Mayor Eric Garcetti halted the Los Angeles Fire Department's recruitment process Thursday after discovering a member of the department held workshops for potential applicants with ties to the department.
The department started a class of about 70 recruits in January. The mayor's announcement means the class scheduled for June will not convene. Instead, the mayor will bring in the RAND Corporation to conduct a three-month assessment of the fire department's hiring process. RAND will then spend a year improving the department's new process.
"I have determined that the fire department's recruiting process is fatally flawed," Garcetti said in a statement. "Reforming the fire department is a key part of my back to basics agenda, and the integrity of its recruiting process is vital to ensuring the department responds quickly, is technologically advanced, and reflects the city it serves in the future."
This year was the first time since 2008 that L.A.'s fire department had the resources to hire firefighters. But the process has been bumpy ever since the Fire Academy class began in January. The Los Angeles Times reported that 60 percent of the 70 recruits were white — and included just one woman. It was then reported that 20 percent of those recruits were related to a member of the department.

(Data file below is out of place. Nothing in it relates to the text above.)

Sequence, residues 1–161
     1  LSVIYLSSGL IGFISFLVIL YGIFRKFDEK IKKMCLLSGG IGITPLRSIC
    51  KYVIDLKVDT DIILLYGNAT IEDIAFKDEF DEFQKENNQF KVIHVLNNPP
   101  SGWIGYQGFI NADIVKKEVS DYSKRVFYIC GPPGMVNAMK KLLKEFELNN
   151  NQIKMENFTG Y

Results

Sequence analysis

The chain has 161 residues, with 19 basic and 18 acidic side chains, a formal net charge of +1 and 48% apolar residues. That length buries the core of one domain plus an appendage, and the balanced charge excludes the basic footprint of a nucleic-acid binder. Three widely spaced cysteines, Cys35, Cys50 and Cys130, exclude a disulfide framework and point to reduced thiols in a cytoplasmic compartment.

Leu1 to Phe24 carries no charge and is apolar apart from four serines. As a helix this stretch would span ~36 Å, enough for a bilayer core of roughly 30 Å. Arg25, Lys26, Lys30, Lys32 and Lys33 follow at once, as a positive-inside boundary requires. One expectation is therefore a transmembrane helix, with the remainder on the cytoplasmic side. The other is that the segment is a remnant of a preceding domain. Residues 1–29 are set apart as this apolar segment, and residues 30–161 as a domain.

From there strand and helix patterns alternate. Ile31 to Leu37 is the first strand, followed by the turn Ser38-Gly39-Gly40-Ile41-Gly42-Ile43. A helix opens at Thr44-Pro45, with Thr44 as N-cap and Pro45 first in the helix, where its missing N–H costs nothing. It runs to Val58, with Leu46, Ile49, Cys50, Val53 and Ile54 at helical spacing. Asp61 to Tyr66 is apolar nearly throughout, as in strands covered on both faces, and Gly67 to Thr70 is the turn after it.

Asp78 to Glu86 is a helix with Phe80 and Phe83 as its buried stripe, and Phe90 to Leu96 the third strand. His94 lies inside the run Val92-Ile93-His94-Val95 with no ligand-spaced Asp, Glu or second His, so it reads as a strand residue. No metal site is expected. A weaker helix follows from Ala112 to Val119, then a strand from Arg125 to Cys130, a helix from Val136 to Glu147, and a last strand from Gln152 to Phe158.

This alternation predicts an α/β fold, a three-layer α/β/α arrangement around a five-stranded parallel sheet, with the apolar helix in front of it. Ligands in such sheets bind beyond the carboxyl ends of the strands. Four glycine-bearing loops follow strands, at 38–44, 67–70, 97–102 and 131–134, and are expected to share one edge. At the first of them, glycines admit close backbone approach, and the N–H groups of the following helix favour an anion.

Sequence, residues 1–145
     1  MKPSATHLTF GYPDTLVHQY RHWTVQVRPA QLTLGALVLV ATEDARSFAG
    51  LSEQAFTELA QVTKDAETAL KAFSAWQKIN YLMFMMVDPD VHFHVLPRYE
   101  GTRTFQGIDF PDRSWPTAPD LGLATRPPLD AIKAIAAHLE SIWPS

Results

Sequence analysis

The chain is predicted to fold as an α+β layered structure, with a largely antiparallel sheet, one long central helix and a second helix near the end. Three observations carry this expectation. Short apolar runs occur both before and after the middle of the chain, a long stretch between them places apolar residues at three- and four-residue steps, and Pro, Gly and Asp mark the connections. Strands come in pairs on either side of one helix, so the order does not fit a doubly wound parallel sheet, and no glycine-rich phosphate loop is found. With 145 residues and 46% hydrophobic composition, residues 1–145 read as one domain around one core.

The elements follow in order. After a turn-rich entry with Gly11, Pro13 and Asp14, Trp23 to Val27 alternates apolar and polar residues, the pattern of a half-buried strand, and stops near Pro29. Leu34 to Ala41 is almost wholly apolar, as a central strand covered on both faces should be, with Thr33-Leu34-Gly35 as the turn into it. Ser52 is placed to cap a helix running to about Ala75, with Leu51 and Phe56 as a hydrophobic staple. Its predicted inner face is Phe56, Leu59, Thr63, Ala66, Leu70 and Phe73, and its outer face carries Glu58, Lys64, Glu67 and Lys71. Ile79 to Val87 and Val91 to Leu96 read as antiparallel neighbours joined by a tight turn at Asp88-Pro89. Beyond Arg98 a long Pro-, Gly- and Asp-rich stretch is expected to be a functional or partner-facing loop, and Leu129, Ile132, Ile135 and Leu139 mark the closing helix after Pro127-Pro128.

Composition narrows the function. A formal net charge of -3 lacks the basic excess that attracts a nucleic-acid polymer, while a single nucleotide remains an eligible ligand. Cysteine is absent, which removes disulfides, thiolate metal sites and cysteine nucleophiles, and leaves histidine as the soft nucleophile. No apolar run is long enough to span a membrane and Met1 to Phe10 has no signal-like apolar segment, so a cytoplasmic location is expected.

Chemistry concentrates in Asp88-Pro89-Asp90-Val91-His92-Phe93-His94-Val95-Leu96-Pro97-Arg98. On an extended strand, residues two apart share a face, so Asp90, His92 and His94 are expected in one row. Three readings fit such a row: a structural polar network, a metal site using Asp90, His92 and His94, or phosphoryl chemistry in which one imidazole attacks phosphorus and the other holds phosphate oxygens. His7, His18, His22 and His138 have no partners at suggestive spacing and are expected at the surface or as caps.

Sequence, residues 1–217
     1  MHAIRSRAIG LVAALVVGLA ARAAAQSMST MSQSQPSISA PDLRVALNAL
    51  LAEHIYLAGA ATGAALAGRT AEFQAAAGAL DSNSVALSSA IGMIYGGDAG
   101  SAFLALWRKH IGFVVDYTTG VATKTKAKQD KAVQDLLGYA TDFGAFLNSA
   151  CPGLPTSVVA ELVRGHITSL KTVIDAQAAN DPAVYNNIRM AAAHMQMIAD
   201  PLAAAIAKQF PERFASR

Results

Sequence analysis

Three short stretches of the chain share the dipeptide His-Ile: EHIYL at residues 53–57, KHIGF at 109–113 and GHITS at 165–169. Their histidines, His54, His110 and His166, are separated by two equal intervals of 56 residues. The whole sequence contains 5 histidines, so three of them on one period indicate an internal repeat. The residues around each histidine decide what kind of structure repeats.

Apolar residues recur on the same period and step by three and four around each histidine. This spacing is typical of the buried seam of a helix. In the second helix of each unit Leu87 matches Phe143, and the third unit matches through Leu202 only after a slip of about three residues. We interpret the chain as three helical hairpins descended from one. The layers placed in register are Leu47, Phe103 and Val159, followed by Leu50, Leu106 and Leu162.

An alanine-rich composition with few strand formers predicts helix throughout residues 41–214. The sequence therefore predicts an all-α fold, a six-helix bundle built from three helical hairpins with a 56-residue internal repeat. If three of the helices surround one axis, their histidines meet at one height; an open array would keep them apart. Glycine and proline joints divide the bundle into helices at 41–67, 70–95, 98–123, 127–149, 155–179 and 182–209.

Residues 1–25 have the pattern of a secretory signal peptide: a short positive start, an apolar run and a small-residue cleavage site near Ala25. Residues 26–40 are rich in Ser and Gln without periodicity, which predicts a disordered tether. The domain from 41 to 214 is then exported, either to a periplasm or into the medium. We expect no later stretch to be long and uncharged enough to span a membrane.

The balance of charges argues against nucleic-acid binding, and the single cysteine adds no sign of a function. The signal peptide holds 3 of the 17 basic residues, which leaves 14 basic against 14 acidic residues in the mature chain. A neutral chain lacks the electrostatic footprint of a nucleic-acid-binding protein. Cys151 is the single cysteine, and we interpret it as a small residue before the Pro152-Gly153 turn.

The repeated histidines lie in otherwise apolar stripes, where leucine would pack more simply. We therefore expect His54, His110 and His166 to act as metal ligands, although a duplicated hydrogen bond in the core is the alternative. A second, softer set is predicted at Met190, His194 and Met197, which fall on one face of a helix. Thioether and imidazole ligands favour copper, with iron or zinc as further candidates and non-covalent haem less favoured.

That left interim fire Chief Jim Featherstone responding to allegations of nepotism.
"What we need to do though is make sure the opportunity exists for all people to become Los Angeles city firefighters," Featherstone told reporters two weeks ago.
The LAFD Professional Standards Division is looking into the interview and résumé workshops that were organized for the LAFD Cadet Program and family members of department firefighters. The workshops were publicized using an LAFD email account.
"While these actions may have been conceived in good faith, the result was a recruiting and hiring process that was less than fair and impartial," Featherstone said in a statement.
The president of United Firefighters of Los Angeles City welcomed a review of the hiring process but urged the city to continue hiring so the fire department's ranks don't shrink more than they already have.
"Due to real or perceived problems with the June recruiting class - a class that was selected, interviewed, and processed by the city's Personnel Department - the people who will suffer are our overworked firefighters and the Angelenos who call 911 and depend on us for service," Frank Lima said in a statement.